at the same computational cost in terms of asymptotic complexity. However those dependent paths are not obtained by encoding the dependency in the path itself. In this section. The goal of this section is to show how the properties of GILs are related to the peculiarities of the control device that regulates the derivation. His discussion is addressed not in terms of weak generative capacity but in terms of strong-generative capacity. 107 .Chapter 6 Applicability of GIGs 6. GIGs oﬀer additional descriptive power as compared to LIGs (and weakly equivalent formalisms) regarding the canonical NL problems mentioned above. because they can produce dependent paths1 . Though this mechanism looks similar to the control device in Linear Indexed Grammars . 1 For the notion of dependent paths see for instance [82] or [44]. we review some of the abstract conﬁgurations that are argued for in [29]. They also oﬀer additional descriptive power in terms of the structural descriptions they can generate for the same set of string languages. the formalisms diﬀer in the kid of trees they generate.1 Linear Indexed Grammars (LIGs) and Global Index Grammars (GIGs) Gazdar [29] introduces Linear Indexed Grammars and discusses their applicability to Natural Language problems. Similar approaches are also presented in [82] and [44] (see [56] concerning weak and strong generative capacity).

. CFGs cannot generate the structural descriptions depicted in ﬁgures 6. the language {wwR |w ∈ Σ∗ }) only of the nested (center embedded) sort.i] C [] push pop Figure 6.1 at the right.. and C is a control set deﬁned by a CFG (a Dyck language): {a1 . L.2 and 6. C): {w | S.3. Gazdar suggests that the conﬁguration in ﬁgure 6. C). as is depicted in the ﬁgure 6. #δ and w is in T ∗ . δ is in C } ¯ C is deﬁned to be the Dyck language over the alphabet I ∪ I (the set of stack indices and their complements). T.. Those control strings are encoded in the derivation of each spine as depicted in ﬁgure 6. APPLICABILITY OF GIGS 6. P ).an | < S. # ⇒ w.] B ∗ ∗ A B pop push C A [] B [. We gave an alternative deﬁnition of the language of a GIG in chapter 5 to be the control language: L(G. (we follow Gazdar’s notation: the leftmost element within the brackets corresponds to the top of the stack). w1 .1: LIGs: multiple spines (left) and GIGs: leftmost derivation 6. but every substring encoded in a spine has to belong to the control set language. It is easy to see that no control substring obtained in a derivation subtree is necessarily in the control language..1. . Those control words describe the properties of a path (a spine) in the tree generated by the grammar G. w1 > .2 The palindrome language CFGs generate structural descriptions for palindrome languages (e. however those paths are connected transversely by the leftmost derivation order. the control of the derivation can be distributed over diﬀerent paths. [87]).1 at the left.2 would be necessary to represent Scandinavian ... In other words. where G is a labeled grammar (cf. In other words.1 Control of the derivation in LIGs and GIGs Every LIL can be characterized by a language L(G. >⇒< a1 .. G = (N. wn >. S.. < an . ai ∈ T ∪ { }. and every possible spine is independent..108 CHAPTER 6.1.g. wn ∈ C}. the control strings wi are not necessarily connected to each other. B [.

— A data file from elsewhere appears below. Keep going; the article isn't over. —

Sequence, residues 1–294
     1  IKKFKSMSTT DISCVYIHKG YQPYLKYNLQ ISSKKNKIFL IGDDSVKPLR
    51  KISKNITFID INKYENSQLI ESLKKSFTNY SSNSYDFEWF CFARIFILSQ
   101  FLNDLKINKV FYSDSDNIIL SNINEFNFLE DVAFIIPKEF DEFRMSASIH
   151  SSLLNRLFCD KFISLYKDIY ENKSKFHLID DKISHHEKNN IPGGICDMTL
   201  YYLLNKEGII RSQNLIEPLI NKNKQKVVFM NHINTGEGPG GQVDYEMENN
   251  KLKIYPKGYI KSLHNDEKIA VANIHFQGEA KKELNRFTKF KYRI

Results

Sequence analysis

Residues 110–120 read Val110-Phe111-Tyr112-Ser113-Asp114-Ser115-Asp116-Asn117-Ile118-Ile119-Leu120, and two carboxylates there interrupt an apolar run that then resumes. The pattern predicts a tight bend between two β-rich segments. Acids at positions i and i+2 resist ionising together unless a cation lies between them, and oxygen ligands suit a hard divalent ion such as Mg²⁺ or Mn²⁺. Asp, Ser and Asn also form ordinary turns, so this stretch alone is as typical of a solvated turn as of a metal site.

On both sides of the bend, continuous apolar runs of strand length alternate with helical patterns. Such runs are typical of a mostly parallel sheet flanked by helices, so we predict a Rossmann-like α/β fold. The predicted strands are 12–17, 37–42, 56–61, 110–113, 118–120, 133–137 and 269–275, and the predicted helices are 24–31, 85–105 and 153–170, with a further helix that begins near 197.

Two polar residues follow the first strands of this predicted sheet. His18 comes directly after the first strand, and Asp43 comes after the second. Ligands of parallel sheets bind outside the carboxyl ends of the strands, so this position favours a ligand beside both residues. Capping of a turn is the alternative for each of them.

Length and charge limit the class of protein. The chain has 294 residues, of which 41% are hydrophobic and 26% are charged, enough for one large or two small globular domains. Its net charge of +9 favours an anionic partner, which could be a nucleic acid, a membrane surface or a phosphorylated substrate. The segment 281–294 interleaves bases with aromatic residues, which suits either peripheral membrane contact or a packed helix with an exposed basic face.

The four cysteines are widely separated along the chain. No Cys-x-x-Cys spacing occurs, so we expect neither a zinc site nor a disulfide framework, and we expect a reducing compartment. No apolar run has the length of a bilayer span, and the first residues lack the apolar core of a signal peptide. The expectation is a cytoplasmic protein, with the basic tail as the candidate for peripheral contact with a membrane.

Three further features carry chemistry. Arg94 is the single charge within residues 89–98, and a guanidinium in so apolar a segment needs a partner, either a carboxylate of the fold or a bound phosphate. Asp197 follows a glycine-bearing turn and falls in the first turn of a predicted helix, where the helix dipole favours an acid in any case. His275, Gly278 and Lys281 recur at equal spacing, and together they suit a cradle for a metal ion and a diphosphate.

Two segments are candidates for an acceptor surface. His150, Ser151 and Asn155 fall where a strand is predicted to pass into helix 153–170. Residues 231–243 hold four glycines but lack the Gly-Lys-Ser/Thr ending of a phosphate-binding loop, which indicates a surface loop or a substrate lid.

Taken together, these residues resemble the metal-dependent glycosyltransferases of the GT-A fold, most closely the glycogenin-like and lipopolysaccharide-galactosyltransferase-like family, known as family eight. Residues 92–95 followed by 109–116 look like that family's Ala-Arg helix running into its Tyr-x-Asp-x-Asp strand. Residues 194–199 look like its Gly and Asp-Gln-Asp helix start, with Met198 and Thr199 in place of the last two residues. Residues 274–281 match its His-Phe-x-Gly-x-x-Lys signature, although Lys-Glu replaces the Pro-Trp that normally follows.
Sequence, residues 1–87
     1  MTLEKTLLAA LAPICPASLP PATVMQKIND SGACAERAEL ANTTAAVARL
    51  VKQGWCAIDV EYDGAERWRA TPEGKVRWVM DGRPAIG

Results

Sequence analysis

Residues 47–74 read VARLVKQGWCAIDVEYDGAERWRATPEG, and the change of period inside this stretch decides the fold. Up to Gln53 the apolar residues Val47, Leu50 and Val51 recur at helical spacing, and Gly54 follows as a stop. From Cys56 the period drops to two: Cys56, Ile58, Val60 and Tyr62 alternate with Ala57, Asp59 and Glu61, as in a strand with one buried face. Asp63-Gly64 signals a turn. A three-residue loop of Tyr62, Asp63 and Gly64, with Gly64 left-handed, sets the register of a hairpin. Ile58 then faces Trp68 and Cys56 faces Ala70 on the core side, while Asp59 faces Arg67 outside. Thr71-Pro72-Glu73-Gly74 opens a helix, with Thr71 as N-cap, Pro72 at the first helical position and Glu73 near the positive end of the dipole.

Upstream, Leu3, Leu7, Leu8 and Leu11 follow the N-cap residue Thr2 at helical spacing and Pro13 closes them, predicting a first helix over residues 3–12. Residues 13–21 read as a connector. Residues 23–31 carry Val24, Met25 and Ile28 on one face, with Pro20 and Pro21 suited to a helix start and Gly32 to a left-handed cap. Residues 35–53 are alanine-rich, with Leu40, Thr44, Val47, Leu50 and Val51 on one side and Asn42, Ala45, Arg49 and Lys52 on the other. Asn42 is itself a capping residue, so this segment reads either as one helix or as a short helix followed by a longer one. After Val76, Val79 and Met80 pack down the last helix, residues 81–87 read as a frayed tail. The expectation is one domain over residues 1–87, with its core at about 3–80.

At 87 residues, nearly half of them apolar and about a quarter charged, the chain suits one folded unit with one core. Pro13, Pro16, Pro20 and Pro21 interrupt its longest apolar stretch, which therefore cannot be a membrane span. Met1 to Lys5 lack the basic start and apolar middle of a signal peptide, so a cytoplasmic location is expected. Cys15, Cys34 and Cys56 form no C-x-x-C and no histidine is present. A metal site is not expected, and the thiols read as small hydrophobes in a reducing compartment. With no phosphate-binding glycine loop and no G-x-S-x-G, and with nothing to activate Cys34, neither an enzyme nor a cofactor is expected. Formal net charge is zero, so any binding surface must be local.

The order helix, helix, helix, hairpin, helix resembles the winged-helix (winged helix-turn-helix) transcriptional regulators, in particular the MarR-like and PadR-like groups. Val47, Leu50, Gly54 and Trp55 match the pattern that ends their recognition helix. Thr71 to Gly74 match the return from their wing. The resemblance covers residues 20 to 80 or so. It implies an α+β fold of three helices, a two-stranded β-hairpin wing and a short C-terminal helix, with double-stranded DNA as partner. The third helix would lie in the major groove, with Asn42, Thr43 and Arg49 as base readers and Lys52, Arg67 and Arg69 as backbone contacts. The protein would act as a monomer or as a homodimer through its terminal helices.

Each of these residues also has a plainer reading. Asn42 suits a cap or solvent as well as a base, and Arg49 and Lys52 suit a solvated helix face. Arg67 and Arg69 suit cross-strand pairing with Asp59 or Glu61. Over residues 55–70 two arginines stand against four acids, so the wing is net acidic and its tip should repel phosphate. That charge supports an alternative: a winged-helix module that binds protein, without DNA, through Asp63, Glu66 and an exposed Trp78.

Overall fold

{i.a] [c.a] [c. {a.b.2: A non context-free structural description for the language wwR unbounded dependencies.a] [d. But the exact mirror image of that structure.a] [b.a] [c. A.4 at the left. c}. LINEAR INDEXED GRAMMARS (LIGS) AND GLOBAL INDEX GRAMMARS (GIGS) 109 [. The corresponding structural description is shown in ﬁgure 6.4: Example 22 (Comparative Construction) .e.b.] Figure 6.c.] [a] a b c d d c b a [b. [.b.b.a] [b. (i.c. A}.] [a] [b.b.3: Another non context-free structural description for the language wwR However GIGs generate a similar structural description as depicted in ﬁgure 6. N P.a] [a] [.6. P ) where P is: AP → AP N P A→a i ¯ j ¯ AP → A A→c k ¯ ¯ A→AA NP → a NP ¯ i A→b j NP → b NP NP → c NP ¯ k .1. AP.. the structure of ﬁgure 6. The English adjective constructions that Gazdar uses to motivate the LIG derivation are generated by the following GIG grammar. ¯ Gadj = ({AP. j}. In such structure the dependencies are introduced in the leftmost derivation order.. b.. Such an structure can be obtained using a GIG (and of course an LIG)..a] [c.] a b c d d c b a Figure 6.a] [a] [.e. in productions that are not in Greibach Normal Form).a] [d. (i.3) cannot be generated by a GIG because it would require push productions with a non terminal in the ﬁrst position of the right-hand side. #.b.